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Subject: Re: [boost] Proposal for moving Boost to CMake
From: P F (pfultz2_at_[hidden])
Date: 2017-06-17 18:28:44

> On Jun 17, 2017, at 11:30 AM, Niall Douglas via Boost <boost_at_[hidden]> wrote:
>>> 2. I am making a new Boost library or I am using Boost trunk
>>> source tree. So add_subdirectory(boost/libs/asio EXCLUDE_FROM_ALL),
>>> link to boost::asio
>> No, the `add_subdirectory` is for a superproject. A library will just
>> call `find_package`(which the superproject will override) to get the
>> targets.
> You mean dependency. Like boost is for end user programs.
> A significant minority of end users will not wish to use find_package()
> and will strongly prefer to use add_subdirectory(). For example, anyone
> on Windows will find add_subdirectory() vastly easier going. Anyone who
> currently integrates Boost into their own build and test config will use
> add_subdirectory(). Anyone who builds Boost with custom config will use
> add_subdirectory().
> Well written cmake 3 has no problem allowing that. It's now a build
> driver, any external cmake can load it in and ask it for as much or as
> little build config as necessary. It's why cmake 3 is so radically
> better than cmake 2. Stephen did an amazing job in restructuring cmake
> to be reusable by other cmake. CMakeLists.txt is just a library now, to
> be consumed by other cmake scripts. If you keep CMakeLists.txt
> completely free of custom function and macro baggage, your
> CMakeLists.txt becomes extremely reusable and modular for all other cmake.

Yes cmake supports `add_subdirectory` without needing to changing the project scripts. Only the superproject overrides the `find_package`. That is, I write `MyLib` which depends on Foo, like this using `find_package`(ignoring installation for now):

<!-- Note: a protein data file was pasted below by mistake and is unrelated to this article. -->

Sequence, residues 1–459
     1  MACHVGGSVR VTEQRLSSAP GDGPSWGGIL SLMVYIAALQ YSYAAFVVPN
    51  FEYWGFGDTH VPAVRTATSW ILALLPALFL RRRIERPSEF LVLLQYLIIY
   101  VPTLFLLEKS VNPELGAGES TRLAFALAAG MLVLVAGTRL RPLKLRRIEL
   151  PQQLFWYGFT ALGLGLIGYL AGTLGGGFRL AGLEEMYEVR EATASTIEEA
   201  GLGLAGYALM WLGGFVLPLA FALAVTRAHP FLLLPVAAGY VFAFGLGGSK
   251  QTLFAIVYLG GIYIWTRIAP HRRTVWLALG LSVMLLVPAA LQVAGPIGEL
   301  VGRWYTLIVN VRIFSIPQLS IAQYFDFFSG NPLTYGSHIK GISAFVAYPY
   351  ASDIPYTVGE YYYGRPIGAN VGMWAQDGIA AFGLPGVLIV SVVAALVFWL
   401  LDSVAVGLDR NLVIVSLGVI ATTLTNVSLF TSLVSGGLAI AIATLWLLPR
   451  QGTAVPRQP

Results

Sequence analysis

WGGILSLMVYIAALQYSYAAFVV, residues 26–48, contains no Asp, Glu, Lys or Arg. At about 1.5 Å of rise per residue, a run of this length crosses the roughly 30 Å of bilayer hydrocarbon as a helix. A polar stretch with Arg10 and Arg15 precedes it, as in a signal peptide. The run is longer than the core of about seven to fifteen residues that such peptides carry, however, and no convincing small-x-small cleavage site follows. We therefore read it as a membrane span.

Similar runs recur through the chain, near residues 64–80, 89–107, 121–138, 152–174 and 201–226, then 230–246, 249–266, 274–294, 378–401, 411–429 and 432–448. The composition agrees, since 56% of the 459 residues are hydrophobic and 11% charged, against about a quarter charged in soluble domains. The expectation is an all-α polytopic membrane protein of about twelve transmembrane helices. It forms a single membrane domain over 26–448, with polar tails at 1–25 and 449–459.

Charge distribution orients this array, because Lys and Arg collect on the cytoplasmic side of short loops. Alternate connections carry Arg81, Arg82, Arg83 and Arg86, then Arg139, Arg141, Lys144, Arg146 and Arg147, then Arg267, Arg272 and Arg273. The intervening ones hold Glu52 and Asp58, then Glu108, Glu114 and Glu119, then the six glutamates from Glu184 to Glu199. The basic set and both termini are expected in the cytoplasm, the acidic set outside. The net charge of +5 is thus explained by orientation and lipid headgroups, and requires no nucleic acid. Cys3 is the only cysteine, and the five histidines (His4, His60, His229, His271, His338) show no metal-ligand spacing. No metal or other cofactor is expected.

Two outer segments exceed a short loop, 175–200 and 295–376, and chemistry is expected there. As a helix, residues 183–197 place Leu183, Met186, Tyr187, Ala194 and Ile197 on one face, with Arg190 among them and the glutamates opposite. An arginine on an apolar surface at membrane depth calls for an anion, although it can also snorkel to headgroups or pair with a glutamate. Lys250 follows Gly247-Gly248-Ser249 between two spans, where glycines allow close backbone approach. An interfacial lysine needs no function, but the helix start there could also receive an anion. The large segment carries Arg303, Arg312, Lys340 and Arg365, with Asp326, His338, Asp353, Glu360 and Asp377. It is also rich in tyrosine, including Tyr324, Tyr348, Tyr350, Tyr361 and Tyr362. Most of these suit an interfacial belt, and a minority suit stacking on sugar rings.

find_package(Foo 2.0 REQUIRED)
target_link_libraries(MyLib Foo::Foo)

Then if the user would like to build `MyLib` and `Foo` all in the same superprojects they can override `find_package`:

set(as_subproject Foo MyLib)
  if(NOT "${ARG0}" IN_LIST as_subproject)

In addition you can mix external dependencies and `add_subdirectory`. That is, if Foo depends on zlib, then that could be found with `find_package` instead of being built within the same project.

However, a library should *not* avoid calling `find_package` or rely on strange custom logic(like `if(NOT TARGET)`) in order support `add_subdirectory. Each library should be able to be built independently and then we(or the user) overrides `find_package` to support the superproject builds.

>>> You can create header only library targets and >= 3.5 those work
>>> right without bugs. You can create static and dynamic library
>>> targets for those libraries which implement those.
>> We need to generate the cmake config package. And that includes the
>> dependencies. Libraries like Hana can “cheat” and export the targets
>> directly to the cmake config package because it has no dependencies.
>> However, for a library like Boost.Fusion the dependencies will need
>> to be listed a third time in the cmake config.
> You don't need to generate the cmake config package. cmake generates the
> cmake config package using its knowledge of how to build the code. I
> don't know where you're getting all this complexity from.
> A correct implementation doesn't need anybody to "cheat". It should be
> 100% modern cmake. If anybody needs to cheat, you've done it wrong.

Cmake generates the export targets, however, if a dependency comes from another imported target, cmake will not create those imported targets. Instead they need to be defined with a call to `find_package`. However, in a config cmake package you will use `find_dependency` instead(which is almost the same except it it forwards the correct parameters for EXACT, QUIET and REQUIRED which were passed to the original `find_package` call). So if `MyLib` depends on `Foo`, then the cmake pakcage config would be written like this:

find_dependency(Foo 2.0)

The `find_dependency` is necessary because `MyLib` depends on `Foo::Foo` which would be left undefined without a call to `find_package`(or `find_dependency` in this case). This allows the dependencies and packages to be relocatable, which is important.